This is an amazing chance to see these key works; don’t miss it if you’re in Los Angeles.

My Videos on Vimeo – Full Speed

Saturday, July 1st, 2017

Here’s a brief abstract video I’ve made – nice and short – entitled Full Speed.

I have been making quite a number of videos, and posting them on Vimeo – free to view for all – and here’s one I made two years ago that seems particularly popular. I check my viewing stats on a relatively daily basis, and re-order the playlist in order of changing viewer preferences – not necessarily my own favorites, but the ones that get played and loaded the most. Actually, our tastes coincide most of the time, and I’m drawn, especially these days, to my lighter, more accessible work.

Full Speed is a brief abstract animation, nice and bright, to add some color and cheer to your day. You can see my front page on Vimeo by clicking here, which includes my latest works, just posted today – Dome and Flowers along with a batch of other popular videos, including Serial Metaphysics, DJ, Dana Can Deal, Numen Lumen, Beat Box, Real & Unreal, Life of Luxury, Escape and about 300 more videos from 1974 to the present. They cover a wide range of approaches, from documentary to abstract and nearly all the possible stops in-between. Most run about 5 minutes or so, with some longer works in the 20 to 30 minute range.

My films have been screened at The Maryland Institute College of Art, The Museum of Modern Art, The Whitney Museum of American Art, Anthology Film Archives, The Microscope Gallery, The British Film Institute, The Jewish Museum, The Millennium Film Workshop, The San Francisco Cinématheque, The New Arts Lab, The Collective for Living Cinema, The Kitchen Center for Experimental Art, The Filmmakers Cinématheque, Film Forum, The Amos Eno Gallery, Sla 307 Art Spacesee the video for that screening here –  The Gallery of Modern Art, The Oberhausen Film Festival and at numerous universities and film societies throughout the world.

Now’s your chance to see them – for free – whenever you wish.

Offscreen – An Essential Canadian Film Journal

Wednesday, June 28th, 2017

Here’s an absolutely essential, completely free film journal that deserves much more attention.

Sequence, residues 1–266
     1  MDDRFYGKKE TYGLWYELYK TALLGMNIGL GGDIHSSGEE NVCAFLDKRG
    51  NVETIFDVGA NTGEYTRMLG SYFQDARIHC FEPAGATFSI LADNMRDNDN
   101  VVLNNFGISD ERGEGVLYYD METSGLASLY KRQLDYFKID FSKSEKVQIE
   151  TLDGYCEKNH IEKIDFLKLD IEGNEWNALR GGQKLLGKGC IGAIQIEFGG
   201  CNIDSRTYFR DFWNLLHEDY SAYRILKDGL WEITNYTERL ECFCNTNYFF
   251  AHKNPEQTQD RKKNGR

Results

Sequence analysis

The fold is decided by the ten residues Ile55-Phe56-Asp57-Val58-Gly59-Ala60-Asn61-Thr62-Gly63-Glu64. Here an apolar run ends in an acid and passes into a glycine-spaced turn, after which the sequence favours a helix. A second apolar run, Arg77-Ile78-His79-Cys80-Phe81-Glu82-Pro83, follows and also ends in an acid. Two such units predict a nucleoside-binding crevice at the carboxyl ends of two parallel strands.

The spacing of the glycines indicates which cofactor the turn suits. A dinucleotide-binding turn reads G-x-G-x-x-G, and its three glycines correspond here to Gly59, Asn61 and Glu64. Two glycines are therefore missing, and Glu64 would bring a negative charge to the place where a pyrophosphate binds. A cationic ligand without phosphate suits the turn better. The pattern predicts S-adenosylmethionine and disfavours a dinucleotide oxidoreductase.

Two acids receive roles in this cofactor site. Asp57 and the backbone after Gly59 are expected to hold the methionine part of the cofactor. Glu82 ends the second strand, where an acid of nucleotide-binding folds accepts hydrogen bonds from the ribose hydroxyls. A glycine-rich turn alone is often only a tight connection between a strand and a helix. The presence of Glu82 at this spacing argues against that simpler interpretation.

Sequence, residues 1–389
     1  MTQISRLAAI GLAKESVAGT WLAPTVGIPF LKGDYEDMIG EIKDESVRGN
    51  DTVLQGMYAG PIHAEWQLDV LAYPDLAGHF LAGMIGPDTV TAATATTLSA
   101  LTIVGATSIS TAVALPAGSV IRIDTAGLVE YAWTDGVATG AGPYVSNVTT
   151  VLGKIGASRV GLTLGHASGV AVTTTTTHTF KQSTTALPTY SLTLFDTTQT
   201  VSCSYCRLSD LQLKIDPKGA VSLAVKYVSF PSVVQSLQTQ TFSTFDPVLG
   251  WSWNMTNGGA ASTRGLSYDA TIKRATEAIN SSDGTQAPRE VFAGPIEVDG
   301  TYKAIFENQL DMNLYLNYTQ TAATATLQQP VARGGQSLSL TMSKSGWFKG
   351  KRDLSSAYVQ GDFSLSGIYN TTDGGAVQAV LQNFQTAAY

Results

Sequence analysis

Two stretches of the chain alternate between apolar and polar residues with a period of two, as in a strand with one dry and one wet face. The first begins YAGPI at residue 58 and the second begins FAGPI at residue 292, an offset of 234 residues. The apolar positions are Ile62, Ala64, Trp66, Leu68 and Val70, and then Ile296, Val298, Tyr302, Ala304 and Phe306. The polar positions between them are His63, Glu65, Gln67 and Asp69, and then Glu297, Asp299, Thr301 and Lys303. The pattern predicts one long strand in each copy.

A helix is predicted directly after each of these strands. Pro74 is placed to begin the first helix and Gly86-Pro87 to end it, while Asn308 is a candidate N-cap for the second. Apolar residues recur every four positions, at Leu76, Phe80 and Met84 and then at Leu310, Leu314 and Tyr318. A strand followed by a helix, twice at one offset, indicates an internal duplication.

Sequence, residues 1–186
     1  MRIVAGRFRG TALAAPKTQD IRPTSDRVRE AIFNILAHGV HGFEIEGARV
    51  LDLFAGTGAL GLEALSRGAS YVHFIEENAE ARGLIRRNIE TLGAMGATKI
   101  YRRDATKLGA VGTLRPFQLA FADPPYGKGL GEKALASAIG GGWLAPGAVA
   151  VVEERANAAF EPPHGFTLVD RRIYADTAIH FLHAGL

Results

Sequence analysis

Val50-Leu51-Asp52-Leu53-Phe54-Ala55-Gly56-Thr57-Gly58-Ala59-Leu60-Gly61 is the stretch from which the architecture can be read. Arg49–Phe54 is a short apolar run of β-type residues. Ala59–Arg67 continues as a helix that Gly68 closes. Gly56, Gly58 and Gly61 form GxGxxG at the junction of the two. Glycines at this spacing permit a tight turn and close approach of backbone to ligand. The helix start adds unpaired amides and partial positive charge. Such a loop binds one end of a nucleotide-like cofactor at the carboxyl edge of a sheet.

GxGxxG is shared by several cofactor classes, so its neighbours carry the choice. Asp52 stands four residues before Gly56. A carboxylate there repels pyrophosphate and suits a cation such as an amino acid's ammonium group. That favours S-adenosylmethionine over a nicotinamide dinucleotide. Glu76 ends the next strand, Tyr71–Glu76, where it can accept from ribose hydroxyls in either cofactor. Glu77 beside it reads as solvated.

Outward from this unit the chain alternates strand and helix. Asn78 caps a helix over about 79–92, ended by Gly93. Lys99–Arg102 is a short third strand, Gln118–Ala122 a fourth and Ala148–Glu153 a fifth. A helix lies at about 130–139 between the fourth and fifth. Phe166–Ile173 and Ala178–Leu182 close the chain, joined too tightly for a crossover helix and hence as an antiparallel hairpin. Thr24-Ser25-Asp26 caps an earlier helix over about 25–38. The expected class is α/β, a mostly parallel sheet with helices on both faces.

I came across this journal this morning, and was shocked that I hadn’t heard of it before – mea culpa! Offscreen, an online film journal based in Canada, offers a refreshing alternative to the Hollywood based fan mania which is currently inundating the web, and showcases the major contributions that Canadian cinema – often neglected in the United States – offers to cinema culture and practice.

As the journal’s editor, Donato Totaro notes, “Offscreen has been online since 1997, along with its French language sister journal Hors Champ. Based in Montréal, Offscreen is a wide-ranging film journal that covers film festivals, retrospectives, film forums, and both popular and more academic events. Part of our mandate is to cover the Montreal film scene, but within an international context. The scope of its content, and the type of material featured and promoted in Offscreen can be summarized as follows:

  1. personal and independent film above big budget, formulaic film
  2. the under-represented (young, up and coming filmmakers)
  3. films with creative design and broad social commitment
  4. local and Canadian films/filmmakers
  5. Asian and alternative cinemas (horror, exploitation, esoteric,
    experimental, documentary, etc.)

Offscreen features extensive interviews, in-depth festival coverage, and lengthy, well-researched essays. The latter is in line with the guiding editorial policy at Offscreen, which is to allow for the flexibility to feature rigorous, well-researched texts alongside material that does not fit into traditional scholarly formats (director interviews, film festival reports, DVD reviews, etc.).

In short, our goal is to produce intelligent, thoughtful, and combative film criticism, analysis, discussion, and theory. We are driven to this end because we feel strongly that, within today’s image saturated info-entertainment landscape, cinema needs to be rigorously discussed in order to continue being an important voice of cultural and artistic expression well into the 21st century.”